The reason for Jane Seymour's sudden decline is difficult to pinpoint. At the time, some blamed her attendants, who they said had indulged the queen's gastronomic cravings and given her everything she asked for, even after the birth, when they should have been watching what she ate. Even if Jane's diet had been too rich and too self-indulgent for a woman just recovering from the rigours of child-bed, it's difficult to see how that could have killed her. It's also impossible to see how the servants were expected to refuse her requests, without either losing their jobs or facing the queen's displeasure. Others attributed her death to puerperal fever, a catch-all term in the early modern period which basically covered all manner of post-natal complications. Today, Jane would almost certainly have been diagnosed with septicaemia and that during the three-day long labour she had suffered a tear in her perineum, which subsequently became infected.
In a panic, Jane summoned the bishop of Carlisle, with the intention of asking him to administer the Last Rites. However, shortly before the bishop began, Jane began to feel better and the bishop postponed the rite. She kept to her bed, but Henry carried on with the celebrations for Edward's birth and ennobled Jane's eldest brother, Edward, making him the new earl of Hertford. On the day of her brother's triumph, however, the queen had a relapse and the king ordered the bishop of London to celebrate a Mass asking for her recovery at Saint Paul's.
For three days, Jane lay in her bed in a sweat-soaked fever. Henry remained undecided about whether or not to go back to his house at Esher for the start of the hunting season, but eventually he decided his wife's condition was too serious for him to leave. In a rare moment of selflessness, he stayed at Hampton Court with her. On Monday October 22nd, the bishop of Carlisle visited the queen again and pronounced with certainty that she was going to die. The royal doctors, however, disagreed and said they were "in good hope" that Jane might make a full recovery. At eight o'clock on the following morning, they changed their minds and told the king he should prepare to say goodbye to his queen.
In the early hours of the following morning, after a terrible final few days alive, Jane Seymour finally received the last rites from the bishop of Carlisle and passed away, shortly before dawn. Henry, who had a pathological fear of illness and death, immediately left Hampton Court and went to Windsor, where he locked himself away in his chambers to mourn his wife. Despite a vigorous romantic tradition which states that he was heartbroken at the death of his "true" love, Henry, although undeniably grieved at Jane's death, was pragmatic enough to meet with his ministers to discuss making enquiries into a fourth marriage - this time with a European princess.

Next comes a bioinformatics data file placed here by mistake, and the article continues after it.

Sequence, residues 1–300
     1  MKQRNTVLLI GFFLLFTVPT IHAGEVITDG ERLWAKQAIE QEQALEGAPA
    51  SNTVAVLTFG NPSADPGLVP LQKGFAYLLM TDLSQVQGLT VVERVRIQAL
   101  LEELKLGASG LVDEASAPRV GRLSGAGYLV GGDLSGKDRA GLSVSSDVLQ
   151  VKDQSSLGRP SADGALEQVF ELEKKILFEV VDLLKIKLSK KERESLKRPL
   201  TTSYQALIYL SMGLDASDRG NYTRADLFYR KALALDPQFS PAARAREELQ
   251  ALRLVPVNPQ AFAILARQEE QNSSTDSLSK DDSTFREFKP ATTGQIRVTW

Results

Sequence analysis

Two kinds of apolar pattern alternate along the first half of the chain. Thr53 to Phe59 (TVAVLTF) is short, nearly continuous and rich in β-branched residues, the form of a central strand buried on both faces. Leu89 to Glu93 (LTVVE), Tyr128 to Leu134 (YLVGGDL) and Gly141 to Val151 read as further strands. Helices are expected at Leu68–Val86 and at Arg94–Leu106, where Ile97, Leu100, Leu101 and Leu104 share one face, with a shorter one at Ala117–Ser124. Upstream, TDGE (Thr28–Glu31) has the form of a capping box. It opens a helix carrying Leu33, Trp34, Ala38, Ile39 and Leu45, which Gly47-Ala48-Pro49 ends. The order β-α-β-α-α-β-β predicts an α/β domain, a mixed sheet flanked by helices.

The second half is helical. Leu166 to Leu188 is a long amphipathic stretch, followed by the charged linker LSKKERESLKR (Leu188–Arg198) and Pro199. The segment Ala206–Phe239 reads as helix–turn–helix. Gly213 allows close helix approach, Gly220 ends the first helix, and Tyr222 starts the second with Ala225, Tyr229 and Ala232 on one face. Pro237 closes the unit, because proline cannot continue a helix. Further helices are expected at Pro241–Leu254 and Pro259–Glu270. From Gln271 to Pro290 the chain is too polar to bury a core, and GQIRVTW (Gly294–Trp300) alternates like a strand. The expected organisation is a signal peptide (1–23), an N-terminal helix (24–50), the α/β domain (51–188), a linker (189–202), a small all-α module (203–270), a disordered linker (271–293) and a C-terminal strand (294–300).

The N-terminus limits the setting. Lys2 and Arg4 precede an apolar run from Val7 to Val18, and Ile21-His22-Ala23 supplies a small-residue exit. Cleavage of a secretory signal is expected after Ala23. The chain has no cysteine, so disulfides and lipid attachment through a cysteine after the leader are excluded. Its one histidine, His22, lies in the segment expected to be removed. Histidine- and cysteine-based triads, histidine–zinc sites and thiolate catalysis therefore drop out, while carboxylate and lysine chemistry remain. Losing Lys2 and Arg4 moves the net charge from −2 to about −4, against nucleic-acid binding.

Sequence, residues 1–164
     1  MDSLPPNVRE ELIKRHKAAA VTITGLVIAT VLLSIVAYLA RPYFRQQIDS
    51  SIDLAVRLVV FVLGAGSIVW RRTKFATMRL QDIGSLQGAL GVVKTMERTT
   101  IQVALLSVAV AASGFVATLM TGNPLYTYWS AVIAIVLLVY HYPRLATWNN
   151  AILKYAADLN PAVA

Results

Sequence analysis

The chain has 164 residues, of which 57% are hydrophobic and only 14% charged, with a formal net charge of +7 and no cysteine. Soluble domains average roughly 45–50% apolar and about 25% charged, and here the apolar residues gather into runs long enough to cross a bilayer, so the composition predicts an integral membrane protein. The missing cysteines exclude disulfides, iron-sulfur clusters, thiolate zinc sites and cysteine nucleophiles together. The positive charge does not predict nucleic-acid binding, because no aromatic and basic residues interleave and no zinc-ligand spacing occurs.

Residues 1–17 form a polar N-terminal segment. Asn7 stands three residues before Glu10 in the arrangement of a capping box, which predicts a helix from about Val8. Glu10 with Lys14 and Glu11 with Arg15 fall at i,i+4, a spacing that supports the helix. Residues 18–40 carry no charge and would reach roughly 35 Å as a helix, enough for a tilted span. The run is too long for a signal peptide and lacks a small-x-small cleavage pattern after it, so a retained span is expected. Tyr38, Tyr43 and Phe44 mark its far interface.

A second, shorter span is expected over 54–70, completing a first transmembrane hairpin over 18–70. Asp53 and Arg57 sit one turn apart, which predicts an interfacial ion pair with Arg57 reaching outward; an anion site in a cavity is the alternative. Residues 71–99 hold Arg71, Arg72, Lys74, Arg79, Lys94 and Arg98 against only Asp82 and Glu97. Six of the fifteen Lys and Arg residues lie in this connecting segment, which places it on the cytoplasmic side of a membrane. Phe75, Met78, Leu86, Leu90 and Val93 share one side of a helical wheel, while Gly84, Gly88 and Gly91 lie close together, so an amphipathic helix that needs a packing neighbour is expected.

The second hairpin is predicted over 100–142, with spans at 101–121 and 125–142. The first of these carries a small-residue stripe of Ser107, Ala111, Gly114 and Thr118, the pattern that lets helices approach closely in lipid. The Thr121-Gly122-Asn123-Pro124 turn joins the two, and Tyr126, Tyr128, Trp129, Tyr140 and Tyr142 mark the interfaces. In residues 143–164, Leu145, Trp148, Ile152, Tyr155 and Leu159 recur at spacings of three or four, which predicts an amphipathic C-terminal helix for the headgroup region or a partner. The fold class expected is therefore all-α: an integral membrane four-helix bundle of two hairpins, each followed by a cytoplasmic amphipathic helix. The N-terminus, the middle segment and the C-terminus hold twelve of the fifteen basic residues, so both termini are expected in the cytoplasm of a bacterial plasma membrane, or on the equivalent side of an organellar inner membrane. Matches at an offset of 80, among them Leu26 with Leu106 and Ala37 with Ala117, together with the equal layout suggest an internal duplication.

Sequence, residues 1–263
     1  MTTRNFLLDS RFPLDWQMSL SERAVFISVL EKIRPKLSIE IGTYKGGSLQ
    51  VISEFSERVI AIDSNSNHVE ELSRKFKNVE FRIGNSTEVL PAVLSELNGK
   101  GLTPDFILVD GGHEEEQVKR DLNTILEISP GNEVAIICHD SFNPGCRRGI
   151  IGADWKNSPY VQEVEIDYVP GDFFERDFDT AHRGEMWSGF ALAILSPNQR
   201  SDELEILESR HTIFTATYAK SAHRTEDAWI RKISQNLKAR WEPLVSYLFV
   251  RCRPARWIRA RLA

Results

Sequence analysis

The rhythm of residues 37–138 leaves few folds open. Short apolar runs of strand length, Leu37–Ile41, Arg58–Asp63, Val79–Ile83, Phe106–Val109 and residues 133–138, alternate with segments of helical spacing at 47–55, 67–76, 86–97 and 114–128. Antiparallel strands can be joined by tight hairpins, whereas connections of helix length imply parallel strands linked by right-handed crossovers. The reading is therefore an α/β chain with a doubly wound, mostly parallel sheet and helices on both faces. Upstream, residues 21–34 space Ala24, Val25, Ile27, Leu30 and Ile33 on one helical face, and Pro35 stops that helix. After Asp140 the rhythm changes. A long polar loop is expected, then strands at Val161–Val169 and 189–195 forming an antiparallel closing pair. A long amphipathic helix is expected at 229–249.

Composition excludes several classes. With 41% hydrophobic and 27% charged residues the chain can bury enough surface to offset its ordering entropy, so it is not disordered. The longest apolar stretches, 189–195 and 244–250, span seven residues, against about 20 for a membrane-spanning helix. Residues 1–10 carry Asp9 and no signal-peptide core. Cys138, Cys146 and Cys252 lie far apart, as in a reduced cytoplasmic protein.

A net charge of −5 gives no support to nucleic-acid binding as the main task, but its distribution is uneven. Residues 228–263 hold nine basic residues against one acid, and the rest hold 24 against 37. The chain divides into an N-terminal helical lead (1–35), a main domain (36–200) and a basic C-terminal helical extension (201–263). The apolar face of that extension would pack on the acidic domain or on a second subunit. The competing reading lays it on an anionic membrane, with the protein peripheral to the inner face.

Meanwhile, at Hampton Court, requiem masses were said day and night for the repose of Queen Jane's soul and her body lay in state, sumptuously dressed, bejewelled and embalmed, for over a week. Her eldest stepdaughter, Mary, who had enjoyed an affectionate relationship with Jane, stood as chief mourner and took charge of Jane's servants during the mourning period. The funeral itself, which took place at Windsor Castle, was a magnificent affair, with Jane being followed by twenty-nine young damsels from her household, each representing a year of her life, and two hundred poor men, carrying flaming torches as the coffin was taken into Saint George's chapel, where it still rests today. On the final day of the mourning period, the bells in all the churches in London were instructed to ring for six hours, followed by one last requiem mass for her at Saint Paul's.